I started reading Roll of Thunder, Hear My Cry almost a year ago. I'd heard it was a powerful book, and an important one, but it wasn't one of the Newbery winners that I really wanted to read. It was one that I felt like I should read.
After reading the first five chapters, I was filled with foreboding, waiting for a major character to be horribly killed or wounded. It didn't help that I had read Sounder not too long before I started Roll of Thunder.
I had the same feeling when I started reading The Kite Runner a few years ago, which I also put off reading for a couple years despite the fact that it seemed like half the people I know had already read it and recommended it. What can I say? One reason I read is for relaxation and escape, and I don't generally like Oprah-esque literary fiction. I did end up being very happy that I read The Kite Runner, mind you.
Then I got a part-time writing job, and happily abandoned Roll of Thunder (and indeed, all the remaining winners I hadn't yet read), and filled my drastically reduced reading time with books that didn't engender feelings of impending doom.
I finished my job last month, and finally returned to Roll of Thunder again. I was still worried about the characters - and reading They Called Themselves the KKK by Susan Campbell Bartoletti (one of the books in the running for this year's Newbery prize) just before resuming Roll of Thunder didn't exactly make me feel any better about Cassie, Stacey, Christopher-John, Little Man, and their extended family's prospects in Mississippi in the 1930's. It was pretty depressing. So I did something that I know drives some people crazy - I skipped ahead and read the last couple of pages. I wanted to be prepared for the worst that Mildred D. Taylor could throw at me.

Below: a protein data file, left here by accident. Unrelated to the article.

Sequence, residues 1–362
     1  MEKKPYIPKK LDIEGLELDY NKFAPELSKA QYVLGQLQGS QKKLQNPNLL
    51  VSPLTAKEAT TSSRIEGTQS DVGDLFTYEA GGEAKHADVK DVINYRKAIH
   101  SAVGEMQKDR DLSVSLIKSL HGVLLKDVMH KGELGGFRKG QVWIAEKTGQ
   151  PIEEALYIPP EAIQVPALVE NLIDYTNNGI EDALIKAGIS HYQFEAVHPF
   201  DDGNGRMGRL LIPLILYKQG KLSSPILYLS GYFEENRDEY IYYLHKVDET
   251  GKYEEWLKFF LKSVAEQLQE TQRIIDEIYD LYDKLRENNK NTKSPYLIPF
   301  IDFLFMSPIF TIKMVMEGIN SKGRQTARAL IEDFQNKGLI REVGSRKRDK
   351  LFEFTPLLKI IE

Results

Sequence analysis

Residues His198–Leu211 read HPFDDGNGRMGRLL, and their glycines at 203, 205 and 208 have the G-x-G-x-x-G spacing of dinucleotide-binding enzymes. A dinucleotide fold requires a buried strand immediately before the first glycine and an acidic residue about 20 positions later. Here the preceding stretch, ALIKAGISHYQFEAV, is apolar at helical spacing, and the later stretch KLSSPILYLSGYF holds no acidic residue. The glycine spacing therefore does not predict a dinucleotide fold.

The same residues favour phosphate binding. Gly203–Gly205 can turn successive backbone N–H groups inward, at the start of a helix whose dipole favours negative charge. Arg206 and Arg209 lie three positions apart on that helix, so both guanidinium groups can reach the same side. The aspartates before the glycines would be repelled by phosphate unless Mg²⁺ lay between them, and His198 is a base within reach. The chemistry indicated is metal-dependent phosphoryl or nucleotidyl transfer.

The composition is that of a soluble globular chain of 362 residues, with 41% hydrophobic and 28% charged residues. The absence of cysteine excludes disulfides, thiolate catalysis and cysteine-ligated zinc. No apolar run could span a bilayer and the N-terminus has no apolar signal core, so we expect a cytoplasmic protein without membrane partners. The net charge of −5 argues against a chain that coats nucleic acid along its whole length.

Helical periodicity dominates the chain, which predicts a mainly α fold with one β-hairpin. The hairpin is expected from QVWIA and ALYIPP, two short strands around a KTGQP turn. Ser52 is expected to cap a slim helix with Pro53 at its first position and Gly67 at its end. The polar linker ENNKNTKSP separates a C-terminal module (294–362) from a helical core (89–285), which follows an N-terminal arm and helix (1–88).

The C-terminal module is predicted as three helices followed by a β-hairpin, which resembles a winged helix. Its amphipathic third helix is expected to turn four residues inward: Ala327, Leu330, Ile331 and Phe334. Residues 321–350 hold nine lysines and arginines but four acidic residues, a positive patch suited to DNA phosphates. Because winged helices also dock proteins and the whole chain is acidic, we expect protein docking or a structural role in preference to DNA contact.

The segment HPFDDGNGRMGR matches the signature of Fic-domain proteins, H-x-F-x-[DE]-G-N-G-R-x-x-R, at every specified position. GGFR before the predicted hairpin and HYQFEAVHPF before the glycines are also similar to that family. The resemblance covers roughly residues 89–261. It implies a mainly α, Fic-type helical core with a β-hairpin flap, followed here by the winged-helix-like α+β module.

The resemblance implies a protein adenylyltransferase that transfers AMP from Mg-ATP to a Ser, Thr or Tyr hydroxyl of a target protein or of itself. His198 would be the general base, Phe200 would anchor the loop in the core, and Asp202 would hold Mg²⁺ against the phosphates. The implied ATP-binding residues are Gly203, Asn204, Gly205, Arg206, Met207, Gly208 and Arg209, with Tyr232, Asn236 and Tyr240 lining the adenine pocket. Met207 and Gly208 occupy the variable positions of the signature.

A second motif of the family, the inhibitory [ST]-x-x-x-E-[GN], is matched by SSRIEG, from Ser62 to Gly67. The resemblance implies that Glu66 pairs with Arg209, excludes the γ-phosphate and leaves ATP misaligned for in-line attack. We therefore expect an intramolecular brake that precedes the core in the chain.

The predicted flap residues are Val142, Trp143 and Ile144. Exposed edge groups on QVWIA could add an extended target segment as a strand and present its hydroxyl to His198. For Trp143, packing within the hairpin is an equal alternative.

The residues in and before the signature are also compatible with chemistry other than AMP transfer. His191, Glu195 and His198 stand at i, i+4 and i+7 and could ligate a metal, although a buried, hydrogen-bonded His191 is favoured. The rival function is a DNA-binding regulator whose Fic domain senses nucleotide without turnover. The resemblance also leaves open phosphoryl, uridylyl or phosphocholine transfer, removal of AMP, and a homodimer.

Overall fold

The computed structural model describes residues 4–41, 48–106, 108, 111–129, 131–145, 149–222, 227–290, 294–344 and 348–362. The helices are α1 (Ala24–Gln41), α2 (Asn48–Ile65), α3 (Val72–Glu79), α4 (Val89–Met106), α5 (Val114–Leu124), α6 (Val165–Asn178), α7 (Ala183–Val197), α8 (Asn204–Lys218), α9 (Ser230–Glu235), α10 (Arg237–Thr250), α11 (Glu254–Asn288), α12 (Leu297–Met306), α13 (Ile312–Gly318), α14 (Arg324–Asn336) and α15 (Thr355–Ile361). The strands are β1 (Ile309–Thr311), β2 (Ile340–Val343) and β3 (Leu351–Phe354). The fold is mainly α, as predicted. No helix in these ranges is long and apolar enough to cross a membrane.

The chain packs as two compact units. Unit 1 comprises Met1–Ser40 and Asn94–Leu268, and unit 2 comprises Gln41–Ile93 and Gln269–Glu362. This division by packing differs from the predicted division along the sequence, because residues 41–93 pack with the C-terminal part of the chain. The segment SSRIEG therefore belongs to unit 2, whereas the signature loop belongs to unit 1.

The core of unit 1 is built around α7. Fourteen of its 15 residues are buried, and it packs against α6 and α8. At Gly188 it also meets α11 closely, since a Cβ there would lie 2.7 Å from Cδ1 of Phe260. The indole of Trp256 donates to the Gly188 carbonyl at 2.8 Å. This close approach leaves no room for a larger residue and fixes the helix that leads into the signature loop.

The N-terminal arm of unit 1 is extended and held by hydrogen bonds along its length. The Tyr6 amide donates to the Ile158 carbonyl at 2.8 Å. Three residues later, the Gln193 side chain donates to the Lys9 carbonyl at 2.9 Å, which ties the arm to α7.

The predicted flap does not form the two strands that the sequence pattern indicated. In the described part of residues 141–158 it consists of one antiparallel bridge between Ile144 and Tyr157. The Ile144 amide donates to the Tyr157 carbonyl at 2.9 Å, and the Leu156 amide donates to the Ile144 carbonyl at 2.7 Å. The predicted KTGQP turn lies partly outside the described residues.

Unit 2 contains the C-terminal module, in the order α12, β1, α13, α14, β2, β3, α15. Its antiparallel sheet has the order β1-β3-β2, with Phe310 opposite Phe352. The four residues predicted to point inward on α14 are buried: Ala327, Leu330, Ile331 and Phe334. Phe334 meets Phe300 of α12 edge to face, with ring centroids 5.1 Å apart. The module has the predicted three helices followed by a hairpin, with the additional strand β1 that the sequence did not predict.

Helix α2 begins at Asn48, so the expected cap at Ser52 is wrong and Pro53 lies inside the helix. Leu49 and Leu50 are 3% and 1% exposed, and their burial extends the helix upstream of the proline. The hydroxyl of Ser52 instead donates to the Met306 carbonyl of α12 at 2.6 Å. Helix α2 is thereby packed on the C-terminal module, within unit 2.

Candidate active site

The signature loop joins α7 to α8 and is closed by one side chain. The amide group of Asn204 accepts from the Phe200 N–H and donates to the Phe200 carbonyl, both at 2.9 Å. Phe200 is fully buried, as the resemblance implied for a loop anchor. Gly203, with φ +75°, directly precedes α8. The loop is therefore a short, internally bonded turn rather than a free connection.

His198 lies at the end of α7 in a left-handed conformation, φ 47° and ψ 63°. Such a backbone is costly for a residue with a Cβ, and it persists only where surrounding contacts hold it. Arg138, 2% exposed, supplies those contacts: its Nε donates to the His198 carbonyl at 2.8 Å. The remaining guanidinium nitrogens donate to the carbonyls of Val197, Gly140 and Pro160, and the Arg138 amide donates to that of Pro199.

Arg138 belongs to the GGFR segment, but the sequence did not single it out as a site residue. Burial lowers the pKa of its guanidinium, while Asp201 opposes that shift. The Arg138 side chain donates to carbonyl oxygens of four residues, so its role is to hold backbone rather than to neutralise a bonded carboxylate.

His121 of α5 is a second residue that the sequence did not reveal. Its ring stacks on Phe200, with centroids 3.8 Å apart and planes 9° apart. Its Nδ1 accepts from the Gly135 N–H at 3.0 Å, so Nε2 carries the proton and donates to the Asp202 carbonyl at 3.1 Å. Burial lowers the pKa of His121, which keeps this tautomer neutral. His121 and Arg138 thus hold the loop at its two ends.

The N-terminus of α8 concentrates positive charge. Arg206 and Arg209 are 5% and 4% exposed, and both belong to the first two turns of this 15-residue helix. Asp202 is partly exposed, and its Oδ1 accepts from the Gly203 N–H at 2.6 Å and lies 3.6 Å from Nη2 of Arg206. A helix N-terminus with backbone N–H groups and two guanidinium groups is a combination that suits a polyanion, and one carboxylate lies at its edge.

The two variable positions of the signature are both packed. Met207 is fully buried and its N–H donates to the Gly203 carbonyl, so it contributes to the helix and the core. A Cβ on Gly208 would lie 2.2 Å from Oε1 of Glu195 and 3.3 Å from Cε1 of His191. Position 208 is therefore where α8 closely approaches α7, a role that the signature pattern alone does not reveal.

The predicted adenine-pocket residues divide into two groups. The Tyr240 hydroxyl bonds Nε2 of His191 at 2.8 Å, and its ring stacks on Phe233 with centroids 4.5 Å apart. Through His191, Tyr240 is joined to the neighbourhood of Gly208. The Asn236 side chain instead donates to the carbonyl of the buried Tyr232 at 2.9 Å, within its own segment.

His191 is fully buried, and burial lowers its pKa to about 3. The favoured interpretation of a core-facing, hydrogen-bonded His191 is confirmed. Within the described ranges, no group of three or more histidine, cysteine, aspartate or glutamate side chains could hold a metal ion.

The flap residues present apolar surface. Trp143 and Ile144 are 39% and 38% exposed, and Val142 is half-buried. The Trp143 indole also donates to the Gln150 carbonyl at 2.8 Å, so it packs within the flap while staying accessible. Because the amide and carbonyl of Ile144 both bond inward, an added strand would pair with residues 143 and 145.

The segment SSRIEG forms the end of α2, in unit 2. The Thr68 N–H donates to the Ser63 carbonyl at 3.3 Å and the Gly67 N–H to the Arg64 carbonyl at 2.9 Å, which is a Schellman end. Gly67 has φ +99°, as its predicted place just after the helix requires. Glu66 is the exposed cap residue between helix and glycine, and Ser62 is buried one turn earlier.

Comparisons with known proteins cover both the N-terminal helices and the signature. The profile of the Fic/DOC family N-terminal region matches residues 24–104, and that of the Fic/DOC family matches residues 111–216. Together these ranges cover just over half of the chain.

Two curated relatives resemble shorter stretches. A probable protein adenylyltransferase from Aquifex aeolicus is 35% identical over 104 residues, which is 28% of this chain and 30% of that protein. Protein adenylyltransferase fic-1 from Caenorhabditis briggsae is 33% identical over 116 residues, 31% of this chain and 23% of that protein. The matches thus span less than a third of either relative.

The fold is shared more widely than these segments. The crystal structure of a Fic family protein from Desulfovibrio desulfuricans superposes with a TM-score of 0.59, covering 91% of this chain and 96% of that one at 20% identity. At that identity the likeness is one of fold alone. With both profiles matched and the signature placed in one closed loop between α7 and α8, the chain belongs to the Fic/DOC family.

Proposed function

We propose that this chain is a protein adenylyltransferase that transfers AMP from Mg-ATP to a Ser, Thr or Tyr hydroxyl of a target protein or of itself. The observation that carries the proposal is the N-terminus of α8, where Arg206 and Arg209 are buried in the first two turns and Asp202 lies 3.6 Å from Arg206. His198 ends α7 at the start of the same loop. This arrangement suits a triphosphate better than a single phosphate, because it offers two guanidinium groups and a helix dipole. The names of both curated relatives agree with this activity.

Well, I could tell from the last few pages that Taylor's worst wasn't unbearable, and so I was able to finish the book with less foreboding, not wincing quite so much at the (sometimes heavy) foreshadowing, or every time Cassie lost her temper. I have to say that Taylor did an excellent job of describing the Logan siblings, and she used history - as in Mr. Morrison's Reconstruction-era story that he told on Christmas, which could have come straight out of They Called Themselves the KKK - very skillfully. The history doesn't ever overpower the Logans' story, but it serves as powerful backdrop, enriching the plot and putting the the characters' actions into a carefully constructed and entirely believable context.
It's a timeless book, too - Roll of Thunder, Hear My Cry was written in 1976, but you really couldn't tell, unlike some of the other Newbery winners that feel a bit dated now (like Summer of the Swans, for instance, or It's Like This, Cat). I wonder if this accounts for some of the appeal that historical fiction seems to hold the Newbery Committee. At any rate, Roll of Thunder reads like a classic. And yes, parts of it were disturbing, but it was not a horribly depressing book. I actually want to read some of Mildred Taylor's other books about the Logan family now!